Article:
We also decided to “upgrade” the manual Roberuta setup to an electric valve from UAS. I put upgrade in quotations because I am actually a fan of the simplicity of manual setups. In this case it was simply a matter of room, there wasn’t enough to fit the supplied buttons or a traditional paddle switch. Instead we opted for the simple beauty of a small single electric switch mounted in a blank cover. No gauge, no F/B/S/S, no auto leveling; just a couple of inches of lift up front when you need it.

Not pictured is the fully loomed harness laying behind the Z’s plastic panels. Sure I could have just laid down some wire and tucked it out of sight, but the bare minimum is not what we’re about.

On to the trunk. Nothing to fancy here, just basic done in a better-than-basic manner. We decided that there was really no point in keeping the spare, since a flat on this beast will definitely require some AAA assistance, so we scrapped it. We did, however, need to keep the factory Bose sub enclosure in place so a lower level trunk board was built and components arranged in a manner to facilitate it.

All the electrical connections are at one point, so removing this board is as easy as undoing a couple quick connects and some set screws. Real world functionality and maintainability are always priorities for us.

Functional hatch space was important to Celestak, so a 2 piece false floor was made out of 3/4″ birch (we never use MDF; birch is stronger, lighter, and more durable), with a ventilating window for the compressor and a dual purpose opening for the child seat anchor/handle included. I wanted to get away from the use of visual hinges so everything is pressure fit thanks to some router work.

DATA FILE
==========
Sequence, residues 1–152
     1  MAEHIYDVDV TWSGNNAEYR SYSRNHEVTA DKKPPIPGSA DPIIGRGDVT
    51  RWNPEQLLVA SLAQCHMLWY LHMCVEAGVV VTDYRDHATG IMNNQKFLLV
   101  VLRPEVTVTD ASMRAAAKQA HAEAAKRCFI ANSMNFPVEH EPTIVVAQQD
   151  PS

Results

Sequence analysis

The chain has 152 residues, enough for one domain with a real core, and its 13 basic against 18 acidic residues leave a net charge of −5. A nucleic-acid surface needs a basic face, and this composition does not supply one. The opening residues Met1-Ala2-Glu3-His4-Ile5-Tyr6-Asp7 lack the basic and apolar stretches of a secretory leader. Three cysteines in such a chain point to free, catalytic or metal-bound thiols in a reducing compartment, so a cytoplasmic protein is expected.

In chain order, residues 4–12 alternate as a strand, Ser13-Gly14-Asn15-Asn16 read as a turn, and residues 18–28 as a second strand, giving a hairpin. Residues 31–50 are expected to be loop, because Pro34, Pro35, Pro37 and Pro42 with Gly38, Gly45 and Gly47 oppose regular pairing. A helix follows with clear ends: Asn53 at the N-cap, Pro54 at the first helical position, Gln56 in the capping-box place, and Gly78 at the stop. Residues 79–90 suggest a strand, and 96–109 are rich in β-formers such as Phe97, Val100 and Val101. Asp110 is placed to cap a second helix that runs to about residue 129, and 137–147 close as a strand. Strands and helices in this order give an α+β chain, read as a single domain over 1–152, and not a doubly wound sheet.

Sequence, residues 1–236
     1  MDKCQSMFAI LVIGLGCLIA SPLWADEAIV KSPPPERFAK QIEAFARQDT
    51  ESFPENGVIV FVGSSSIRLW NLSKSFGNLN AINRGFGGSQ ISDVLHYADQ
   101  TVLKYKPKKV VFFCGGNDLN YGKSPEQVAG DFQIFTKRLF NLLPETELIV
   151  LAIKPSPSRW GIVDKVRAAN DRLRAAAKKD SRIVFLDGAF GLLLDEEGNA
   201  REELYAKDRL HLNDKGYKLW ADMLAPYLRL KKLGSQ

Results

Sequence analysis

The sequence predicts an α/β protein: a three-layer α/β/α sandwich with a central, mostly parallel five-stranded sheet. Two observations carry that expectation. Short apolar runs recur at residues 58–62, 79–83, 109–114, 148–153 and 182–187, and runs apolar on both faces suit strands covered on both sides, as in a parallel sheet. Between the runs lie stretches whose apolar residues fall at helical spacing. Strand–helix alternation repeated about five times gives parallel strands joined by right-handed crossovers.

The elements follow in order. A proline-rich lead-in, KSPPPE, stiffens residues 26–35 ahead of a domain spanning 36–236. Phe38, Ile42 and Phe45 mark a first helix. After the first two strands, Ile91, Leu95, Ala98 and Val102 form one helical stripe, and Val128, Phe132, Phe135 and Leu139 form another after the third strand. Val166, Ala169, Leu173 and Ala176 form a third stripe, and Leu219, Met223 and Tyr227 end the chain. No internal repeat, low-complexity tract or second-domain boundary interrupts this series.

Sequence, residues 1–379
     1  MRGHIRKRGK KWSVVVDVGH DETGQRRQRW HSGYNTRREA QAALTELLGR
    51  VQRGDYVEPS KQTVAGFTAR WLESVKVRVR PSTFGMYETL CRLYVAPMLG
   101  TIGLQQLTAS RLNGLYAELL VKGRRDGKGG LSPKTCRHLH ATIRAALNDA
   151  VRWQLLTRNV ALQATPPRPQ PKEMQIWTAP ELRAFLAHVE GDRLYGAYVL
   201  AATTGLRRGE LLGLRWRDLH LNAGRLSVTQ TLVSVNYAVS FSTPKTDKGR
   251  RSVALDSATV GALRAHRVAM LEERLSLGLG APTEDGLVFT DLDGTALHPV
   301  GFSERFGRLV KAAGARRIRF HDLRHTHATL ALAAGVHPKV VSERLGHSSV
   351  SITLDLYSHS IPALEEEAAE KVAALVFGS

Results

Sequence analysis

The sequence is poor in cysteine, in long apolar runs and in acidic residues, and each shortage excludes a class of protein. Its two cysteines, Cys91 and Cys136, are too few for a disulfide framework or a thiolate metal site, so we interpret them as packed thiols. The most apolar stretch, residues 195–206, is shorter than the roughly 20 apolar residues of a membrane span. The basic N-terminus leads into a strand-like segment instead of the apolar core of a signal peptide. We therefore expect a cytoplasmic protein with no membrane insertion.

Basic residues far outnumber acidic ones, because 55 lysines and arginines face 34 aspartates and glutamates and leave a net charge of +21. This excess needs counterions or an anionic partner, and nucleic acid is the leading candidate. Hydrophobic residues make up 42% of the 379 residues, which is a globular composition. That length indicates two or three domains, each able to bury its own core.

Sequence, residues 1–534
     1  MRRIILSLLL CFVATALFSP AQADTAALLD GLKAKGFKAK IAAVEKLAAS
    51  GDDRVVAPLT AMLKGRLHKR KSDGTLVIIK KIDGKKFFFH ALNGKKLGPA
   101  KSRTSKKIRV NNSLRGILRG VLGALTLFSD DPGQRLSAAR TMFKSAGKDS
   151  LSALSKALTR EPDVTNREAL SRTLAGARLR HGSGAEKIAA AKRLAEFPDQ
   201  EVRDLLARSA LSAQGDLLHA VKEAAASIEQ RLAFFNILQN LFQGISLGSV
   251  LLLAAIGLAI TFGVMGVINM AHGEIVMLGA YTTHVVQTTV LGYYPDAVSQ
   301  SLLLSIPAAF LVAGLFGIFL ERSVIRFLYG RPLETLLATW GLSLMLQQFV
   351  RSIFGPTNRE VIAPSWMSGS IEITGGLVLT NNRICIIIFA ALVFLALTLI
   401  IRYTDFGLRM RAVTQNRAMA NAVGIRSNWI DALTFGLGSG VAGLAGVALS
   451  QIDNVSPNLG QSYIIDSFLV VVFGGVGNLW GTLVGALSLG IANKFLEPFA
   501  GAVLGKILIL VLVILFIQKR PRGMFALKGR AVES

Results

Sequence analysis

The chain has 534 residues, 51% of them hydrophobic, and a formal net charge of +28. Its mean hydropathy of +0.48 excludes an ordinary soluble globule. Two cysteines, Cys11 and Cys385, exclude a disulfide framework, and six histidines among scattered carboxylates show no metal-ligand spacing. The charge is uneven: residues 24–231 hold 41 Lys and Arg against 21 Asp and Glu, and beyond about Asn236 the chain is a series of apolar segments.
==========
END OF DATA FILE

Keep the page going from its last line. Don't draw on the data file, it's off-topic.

Here it is assembled from  the opposite angle. It’s a tight fit, but nothing was left out and everything is well executed. I don’t foresee this install ever having any issues other than normal wear and tear, and when you design with that in mind it’s not really a big deal when it happens. Any component of this install could be swapped out within minutes.

Happy new year since I missed it. For 2K12 you can expect to see more suspension work of this quality (or better if anyone ever let’s me really go in) as well as some exciting changes on the media side. We started out better, so the only thing left is to be the undisputed best.

Darkest Before the Dawn

Tension has been high around the Garage since the introduction of OG Paint and Body but it seems like we’re finally getting into a rhythm. It’s not easy building a company of the caliber we are aiming for with minimal resources. Sometimes all you can do is keep your head down and push forward. I have to take a sentence out to show our appreciation for our loyal customers. You guys allow us to keep doing what we love and when you come back for seconds it lets us know that y’all love what we do. OK, enough of that… on to business. I apologize in advance for the lack of pics this installment. Read the rest of this entry